Bail is legally possible under Korean statutes. However, bail is frequently not granted and may not be as readily available as in the United States.
Smuggling and Other Customs Violations
Korean customs laws are as strict as, if not stricter than, our own. Violators of these laws are subject to fines up to ten times the normal customs duty, confiscation of the contraband, and jail sentences of up to ten years.
Importing or exporting certain prohibited articles detrimental to national security, public health or public morals (such as classified government information or counterfeit money) is punishable by imprisonment of up to 10 years or a fine of up to 20 million Won. Importing or exporting goods which differ from those reported to customs authorities or failing to report imported or exported goods may result in imprisonment of up to 5 years prison or fine a fine equal to the higher of 10 times the normal duty or the purchase price of the goods.
Purposely misstating the quantity of merchandise to evade payment of duty can result in 3 years prison and fines of 500% of the regular duty or purchase price of goods, whichever is higher. In the past, confiscated merchandise has included gold ingots, jewelry and unset precious stones, as well as bear bladders, deer antlers, and other items used in Oriental medicine. It is also possible that the goods and any vehicle or other articles used to bring the goods into or out of Korea may be confiscated.
Drugs and drug abuse are governed by the Narcotic Substance Control Act of 2000 as well as by the Criminal Act. These laws regulate the import, export, manufacture, preparation, subdivision, sale, intermediate sale or purchase, and purchase of narcotics, as well as possession of narcotics for the purpose of import, export, manufacture, preparation, subdivision, selling or purchase; serving as an intermediary for buying and selling of narcotics. Provisions under these laws mandate minimum prison sentences of one year.
Korean government policy is aimed at discouraging the use of dangerous and habit-forming drugs in the country. Korean statutes classify marijuana as a "dangerous narcotic." Parole is virtually never given in drug-related cases. Recent legislation provides that trafficking or abusing drugs may result in prison for an indefinite term and confiscation of illegal proceeds and the illegal substance.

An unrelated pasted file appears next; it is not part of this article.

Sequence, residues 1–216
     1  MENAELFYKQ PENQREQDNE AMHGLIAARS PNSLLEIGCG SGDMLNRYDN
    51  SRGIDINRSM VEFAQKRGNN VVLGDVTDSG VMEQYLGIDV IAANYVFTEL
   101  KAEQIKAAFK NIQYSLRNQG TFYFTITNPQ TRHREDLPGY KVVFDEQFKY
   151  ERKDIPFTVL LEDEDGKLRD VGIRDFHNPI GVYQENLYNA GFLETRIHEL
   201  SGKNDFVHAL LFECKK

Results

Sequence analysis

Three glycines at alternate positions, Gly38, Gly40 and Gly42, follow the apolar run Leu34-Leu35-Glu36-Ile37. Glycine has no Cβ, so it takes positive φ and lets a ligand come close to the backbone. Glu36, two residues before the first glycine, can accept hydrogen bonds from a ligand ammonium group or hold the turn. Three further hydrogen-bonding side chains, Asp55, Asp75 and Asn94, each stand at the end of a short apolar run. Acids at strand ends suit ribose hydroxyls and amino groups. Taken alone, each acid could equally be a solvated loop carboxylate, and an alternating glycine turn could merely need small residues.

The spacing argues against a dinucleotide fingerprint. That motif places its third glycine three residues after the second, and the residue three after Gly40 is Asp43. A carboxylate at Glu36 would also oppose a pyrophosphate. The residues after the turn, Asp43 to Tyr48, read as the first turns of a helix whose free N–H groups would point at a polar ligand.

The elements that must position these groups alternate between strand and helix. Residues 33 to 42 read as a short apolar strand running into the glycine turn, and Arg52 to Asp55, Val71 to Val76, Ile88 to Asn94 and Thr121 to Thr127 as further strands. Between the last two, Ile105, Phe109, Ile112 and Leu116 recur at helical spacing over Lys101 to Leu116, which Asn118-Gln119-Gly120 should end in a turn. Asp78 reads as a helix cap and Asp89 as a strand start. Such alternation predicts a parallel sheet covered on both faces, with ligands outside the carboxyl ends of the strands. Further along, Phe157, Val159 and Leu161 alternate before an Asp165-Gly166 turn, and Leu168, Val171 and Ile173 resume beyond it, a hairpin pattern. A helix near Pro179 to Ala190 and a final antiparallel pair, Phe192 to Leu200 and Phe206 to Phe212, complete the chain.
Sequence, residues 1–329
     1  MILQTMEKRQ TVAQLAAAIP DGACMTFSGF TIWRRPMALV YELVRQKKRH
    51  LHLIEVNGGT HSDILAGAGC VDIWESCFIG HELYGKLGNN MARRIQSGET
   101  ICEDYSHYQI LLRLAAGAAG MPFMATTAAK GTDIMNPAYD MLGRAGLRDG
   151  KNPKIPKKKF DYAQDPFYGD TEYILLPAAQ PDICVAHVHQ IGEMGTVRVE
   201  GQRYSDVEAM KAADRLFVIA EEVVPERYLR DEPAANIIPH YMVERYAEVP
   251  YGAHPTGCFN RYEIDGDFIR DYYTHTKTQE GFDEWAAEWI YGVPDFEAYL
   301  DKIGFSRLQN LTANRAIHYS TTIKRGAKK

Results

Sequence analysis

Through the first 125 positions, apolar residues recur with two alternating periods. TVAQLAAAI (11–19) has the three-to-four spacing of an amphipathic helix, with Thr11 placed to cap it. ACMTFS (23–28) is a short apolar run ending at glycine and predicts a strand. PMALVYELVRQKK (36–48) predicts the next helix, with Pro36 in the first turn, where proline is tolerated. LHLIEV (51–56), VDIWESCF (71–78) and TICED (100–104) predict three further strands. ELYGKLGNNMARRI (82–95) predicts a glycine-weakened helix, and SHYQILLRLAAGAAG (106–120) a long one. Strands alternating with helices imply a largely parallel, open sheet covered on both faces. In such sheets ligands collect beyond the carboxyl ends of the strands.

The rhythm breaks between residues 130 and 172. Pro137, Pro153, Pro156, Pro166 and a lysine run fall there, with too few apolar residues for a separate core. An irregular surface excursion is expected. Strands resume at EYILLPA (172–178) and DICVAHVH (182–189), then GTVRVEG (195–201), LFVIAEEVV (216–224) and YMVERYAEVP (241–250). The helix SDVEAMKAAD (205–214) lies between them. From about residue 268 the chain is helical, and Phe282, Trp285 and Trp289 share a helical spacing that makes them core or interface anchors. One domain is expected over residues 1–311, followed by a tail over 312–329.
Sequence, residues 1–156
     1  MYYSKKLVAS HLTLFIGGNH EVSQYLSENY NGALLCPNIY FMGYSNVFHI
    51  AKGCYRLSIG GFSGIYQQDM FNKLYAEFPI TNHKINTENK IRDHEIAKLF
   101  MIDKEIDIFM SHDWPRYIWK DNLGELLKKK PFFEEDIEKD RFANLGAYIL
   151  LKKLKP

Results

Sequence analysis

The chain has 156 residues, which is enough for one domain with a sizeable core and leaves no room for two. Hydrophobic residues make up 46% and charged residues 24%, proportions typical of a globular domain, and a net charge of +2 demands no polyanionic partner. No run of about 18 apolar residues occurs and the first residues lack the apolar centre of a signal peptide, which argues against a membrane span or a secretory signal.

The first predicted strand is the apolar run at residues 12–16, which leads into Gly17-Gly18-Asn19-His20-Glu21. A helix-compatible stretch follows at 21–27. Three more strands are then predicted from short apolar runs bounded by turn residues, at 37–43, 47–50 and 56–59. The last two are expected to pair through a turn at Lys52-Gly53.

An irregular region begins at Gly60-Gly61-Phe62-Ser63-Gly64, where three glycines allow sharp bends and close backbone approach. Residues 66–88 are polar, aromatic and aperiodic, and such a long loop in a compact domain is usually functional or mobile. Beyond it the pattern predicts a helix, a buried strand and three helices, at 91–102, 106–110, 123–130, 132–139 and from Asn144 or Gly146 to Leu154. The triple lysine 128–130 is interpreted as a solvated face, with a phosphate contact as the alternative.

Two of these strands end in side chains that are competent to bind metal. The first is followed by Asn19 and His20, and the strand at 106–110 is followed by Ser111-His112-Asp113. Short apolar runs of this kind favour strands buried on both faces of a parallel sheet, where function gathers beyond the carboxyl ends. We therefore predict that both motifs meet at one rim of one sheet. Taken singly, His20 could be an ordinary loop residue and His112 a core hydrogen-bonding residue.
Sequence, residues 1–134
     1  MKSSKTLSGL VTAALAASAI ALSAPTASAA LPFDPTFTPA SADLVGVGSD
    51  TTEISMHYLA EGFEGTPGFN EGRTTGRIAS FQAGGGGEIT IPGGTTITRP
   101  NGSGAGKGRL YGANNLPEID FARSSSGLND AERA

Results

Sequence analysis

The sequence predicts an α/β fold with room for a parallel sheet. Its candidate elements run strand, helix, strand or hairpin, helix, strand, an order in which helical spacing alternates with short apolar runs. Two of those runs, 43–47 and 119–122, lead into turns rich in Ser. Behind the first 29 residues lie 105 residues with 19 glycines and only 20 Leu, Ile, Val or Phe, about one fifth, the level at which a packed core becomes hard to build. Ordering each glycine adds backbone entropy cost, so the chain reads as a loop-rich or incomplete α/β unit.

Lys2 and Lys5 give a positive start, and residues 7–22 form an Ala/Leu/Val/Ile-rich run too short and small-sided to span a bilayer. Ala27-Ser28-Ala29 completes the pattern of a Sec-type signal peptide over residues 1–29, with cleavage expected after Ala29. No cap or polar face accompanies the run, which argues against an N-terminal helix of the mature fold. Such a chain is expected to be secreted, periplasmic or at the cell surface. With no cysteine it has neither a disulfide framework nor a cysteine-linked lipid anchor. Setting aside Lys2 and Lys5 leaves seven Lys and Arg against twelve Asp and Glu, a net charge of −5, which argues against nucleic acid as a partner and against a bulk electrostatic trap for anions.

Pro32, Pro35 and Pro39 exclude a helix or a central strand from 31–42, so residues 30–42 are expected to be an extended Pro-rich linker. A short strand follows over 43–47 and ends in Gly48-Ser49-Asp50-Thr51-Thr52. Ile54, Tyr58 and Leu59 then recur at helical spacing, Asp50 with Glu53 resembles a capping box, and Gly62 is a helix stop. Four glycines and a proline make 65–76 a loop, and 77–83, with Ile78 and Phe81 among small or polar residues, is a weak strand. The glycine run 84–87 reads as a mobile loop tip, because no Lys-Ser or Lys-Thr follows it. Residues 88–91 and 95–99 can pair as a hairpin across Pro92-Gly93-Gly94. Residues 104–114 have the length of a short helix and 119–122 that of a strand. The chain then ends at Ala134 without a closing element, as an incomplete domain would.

(This section was provided to us by Lt. Col. David E. Sprowls, and is reprinted with permission of the Judge Advocate General's Office, Yongsan Army Garrison)
American citizens running afoul of Korean traffic statutes may expect serious penalties, possibly including jail time, for hitting pedestrians, driving while intoxicated, and leaving the scene of an accident. When a pedestrian has been injured or killed, the most important principle in Korean society is to provide restitution to the victim and his family.
Korean authorities handle traffic accidents in a significantly different way than authorities in the United States. Under Korean law, many traffic accidents, even minor ones, carry criminal consequences, as well as civil liabilities. Different laws, combined with a different legal system and different culture, can cause anxiety and frustration.
Under Korean law, anyone who drives an automobile is considered a "professional" driver and is held to a very high standard of duty to prevent accidents. The Road Traffic Law provides penalties for violating these standards. These penalties range from a small fine to imprisonment. Anyone who violates any of the rules and causes damage to property of another is subject to a penalty under that law. Anyone who breaches the duty of care and causes the death or injury of another may be charged with "occupational negligence resulting in death or injury" under the ROK Criminal Code.
The Koreans also have a special statute called "Special Law Concerning Disposition of Traffic Accidents" which overrides the Criminal Code in traffic accidents. Under the "Special Law," any driver of an automobile who has committed the offense of occupational negligence resulting in injury, or anyone who has caused property damage to another, cannot be prosecuted if the driver obtains a private settlement from the victim. This law also prohibits prosecution if the driver is insured by a policy that pays all medical expenses regardless of fault or agreement of parties. This "no-prosecution" provision, however, does not apply if the driver does one of the following: